“Garcon” outlined his ideal wife in an article published in the December, 1893 issue of The Young Woman’s Journal, to which “Muchacha” responded with a description of her “Model Husband” in The Contributor of March, 1894. Share what you think of Garcon’s list, then come back this afternoon for Muchacha’s reply (with its – to me – revealing but unexpected reference to plural marriage).
When I marry my desire is to find a woman possessing as many as possible of the following characteristics:
She should be so virtuous as to live not only above reproach, but above suspicion.
She should be religious, yet not sanctimonious.
She should be honest, truthful and candid, yet not consider it hypocrisy to refrain from telling people all that she may think or hear about them that is disagreeable.
She should be kind and attentive to all people, but reserve her sweetest smiles and kindest acts for me.
She should avoid every word or act that is likely to arouse my ver jealous disposition, yet not live in constant fear of my anger.
She should love children, and never consider them “nuisances” or ‘wish them dead,” and yet not be so indulgent as to allow them to grow up in idleness, disobedience or sin.
She should make her home so pleasant that angels will delight to make it their abode, and that the family may consider it the one place on earth where a foretaste of heaven is obtained; yet she should not make herself a slave to home, but move around in the world and improve mankind by her noble life.
She should never turn the hungry, naked or poor away from her door unprovided, yet she should not encourage begging or pauperism by misapplied charity.
She should be careful and economical, yet not selfish nor stingy.
She should be clean and tidy in her person and dress, yet not so prim as to be obnoxious.
Her house should be clean and orderly, yet not so neat that muddy feet will bring frowns to her brow or cross words to her lips.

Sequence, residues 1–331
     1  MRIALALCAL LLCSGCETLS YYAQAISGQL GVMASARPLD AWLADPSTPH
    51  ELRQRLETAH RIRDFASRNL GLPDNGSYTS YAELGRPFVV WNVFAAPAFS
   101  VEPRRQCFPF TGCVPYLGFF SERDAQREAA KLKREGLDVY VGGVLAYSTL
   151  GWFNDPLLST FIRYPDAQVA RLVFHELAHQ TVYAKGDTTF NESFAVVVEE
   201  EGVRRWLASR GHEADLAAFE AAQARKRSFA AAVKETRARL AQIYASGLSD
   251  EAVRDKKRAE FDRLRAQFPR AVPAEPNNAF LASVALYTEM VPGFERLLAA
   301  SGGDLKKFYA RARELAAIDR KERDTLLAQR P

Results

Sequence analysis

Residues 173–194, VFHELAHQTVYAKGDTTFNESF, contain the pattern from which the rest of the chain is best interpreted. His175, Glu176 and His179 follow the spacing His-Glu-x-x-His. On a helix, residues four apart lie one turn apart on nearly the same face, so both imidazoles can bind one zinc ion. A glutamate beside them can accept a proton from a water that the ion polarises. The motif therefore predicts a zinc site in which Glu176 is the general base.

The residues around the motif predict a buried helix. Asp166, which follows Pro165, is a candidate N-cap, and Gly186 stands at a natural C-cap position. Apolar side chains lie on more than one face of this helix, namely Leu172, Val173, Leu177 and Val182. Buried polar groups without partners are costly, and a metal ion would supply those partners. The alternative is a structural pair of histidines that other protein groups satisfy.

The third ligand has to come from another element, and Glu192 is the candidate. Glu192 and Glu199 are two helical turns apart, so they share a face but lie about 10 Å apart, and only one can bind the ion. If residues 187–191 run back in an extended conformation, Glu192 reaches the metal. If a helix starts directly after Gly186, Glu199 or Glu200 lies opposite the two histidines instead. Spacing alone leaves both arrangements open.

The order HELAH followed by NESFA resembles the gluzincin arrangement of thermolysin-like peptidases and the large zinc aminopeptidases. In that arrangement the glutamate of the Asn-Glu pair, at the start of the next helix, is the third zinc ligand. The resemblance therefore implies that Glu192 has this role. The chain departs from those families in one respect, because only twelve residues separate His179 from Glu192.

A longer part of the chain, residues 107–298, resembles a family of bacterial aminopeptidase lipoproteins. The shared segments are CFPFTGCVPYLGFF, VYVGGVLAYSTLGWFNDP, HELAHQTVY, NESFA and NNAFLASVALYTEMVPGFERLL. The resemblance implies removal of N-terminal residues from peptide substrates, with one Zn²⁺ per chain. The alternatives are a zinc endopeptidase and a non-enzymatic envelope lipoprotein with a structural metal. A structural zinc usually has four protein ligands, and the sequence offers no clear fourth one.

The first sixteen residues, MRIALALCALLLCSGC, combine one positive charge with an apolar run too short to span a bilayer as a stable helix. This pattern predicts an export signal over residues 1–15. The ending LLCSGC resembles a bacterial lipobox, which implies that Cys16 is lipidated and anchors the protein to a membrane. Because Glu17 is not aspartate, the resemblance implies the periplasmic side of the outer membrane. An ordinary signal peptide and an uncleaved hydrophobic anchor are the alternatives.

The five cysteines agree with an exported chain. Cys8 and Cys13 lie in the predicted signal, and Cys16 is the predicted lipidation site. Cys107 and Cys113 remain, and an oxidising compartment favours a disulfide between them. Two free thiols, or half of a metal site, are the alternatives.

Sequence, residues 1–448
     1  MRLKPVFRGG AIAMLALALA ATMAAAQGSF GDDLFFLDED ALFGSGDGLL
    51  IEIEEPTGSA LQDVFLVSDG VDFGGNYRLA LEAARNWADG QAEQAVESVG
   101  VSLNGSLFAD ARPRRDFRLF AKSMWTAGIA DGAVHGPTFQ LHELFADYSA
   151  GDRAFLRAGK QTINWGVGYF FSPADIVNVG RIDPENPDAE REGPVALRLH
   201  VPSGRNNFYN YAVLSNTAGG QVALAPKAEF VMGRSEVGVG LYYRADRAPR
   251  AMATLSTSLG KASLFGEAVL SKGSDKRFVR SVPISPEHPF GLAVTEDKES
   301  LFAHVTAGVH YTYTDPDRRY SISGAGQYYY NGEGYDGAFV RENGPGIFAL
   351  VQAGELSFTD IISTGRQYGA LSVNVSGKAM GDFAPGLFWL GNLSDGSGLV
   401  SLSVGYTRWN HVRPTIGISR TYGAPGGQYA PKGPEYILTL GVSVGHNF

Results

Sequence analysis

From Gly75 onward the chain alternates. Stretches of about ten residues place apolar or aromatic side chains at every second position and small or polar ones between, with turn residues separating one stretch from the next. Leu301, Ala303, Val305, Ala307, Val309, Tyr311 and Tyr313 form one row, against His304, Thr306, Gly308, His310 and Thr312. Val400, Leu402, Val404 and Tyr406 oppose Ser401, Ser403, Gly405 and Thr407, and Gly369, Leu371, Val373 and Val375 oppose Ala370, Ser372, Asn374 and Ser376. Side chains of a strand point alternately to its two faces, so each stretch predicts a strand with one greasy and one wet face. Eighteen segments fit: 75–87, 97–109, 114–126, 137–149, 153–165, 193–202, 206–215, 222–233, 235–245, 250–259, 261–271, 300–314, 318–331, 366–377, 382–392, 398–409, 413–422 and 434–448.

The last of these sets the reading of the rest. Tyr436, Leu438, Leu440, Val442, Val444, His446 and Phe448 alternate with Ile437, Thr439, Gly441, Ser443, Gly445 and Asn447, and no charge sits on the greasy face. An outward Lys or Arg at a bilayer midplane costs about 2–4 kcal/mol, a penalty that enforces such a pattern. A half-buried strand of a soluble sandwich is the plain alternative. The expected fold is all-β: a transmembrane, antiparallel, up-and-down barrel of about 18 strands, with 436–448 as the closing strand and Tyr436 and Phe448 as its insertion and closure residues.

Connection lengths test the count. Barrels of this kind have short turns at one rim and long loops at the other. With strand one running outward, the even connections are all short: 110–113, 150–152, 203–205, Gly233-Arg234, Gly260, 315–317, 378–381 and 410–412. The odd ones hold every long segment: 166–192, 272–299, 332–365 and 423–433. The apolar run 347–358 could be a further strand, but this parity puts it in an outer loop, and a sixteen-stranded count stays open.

She should find some time each day for intellectual culture, even though this may make early rising necessary, and to her physical health she should give due attention.
She should encourage rather than deter me in the performance of ecclesiastical and other duties, yet not for the reason that “my room is better than my company.”
She should be free from ridicule for my faults yet should show them to me that I may strive to overcome the same.
She should be willing to bear adversity without murmuring, as she enjoys prosperity without pride.
She should manifest a contented spirit, feeling thankful for what she enjoys, rather than to find fault because she sees others enjoy that which she does not possess.
She should be filled with a forgiving spirit towards all people, yet not be a fawning sycophant.
She should be neither boastful, haughty nor complaining.
She should determine that the income shall exceed the expenditure, yet should not desire to hold the purse-strings in her hands, unless I become financially incapable.
I should be the ONE man on the earth whom she is constantly studying an trying to please, and for whom she is willing to forsake kindred, home, country and everything except God and what pertains to celestial glory.
if I could obtain a wife possessing these qualities, I would certainly feel assured that she would bear with my numerous imperfections, and would lead me to grander conceptions of life here and hereafter, thus making me more fruitful in noble deeds.
“Girls,” the Journal’s editor writes, “the writer who hides under this pen name is handsome, gifted, eloquent, magnetic and fascinating. If he is not one of the chief authorities of the Church he is very near kin to one. Now, who of all of you can fill these many requirements which he portrays for the woman of his love?”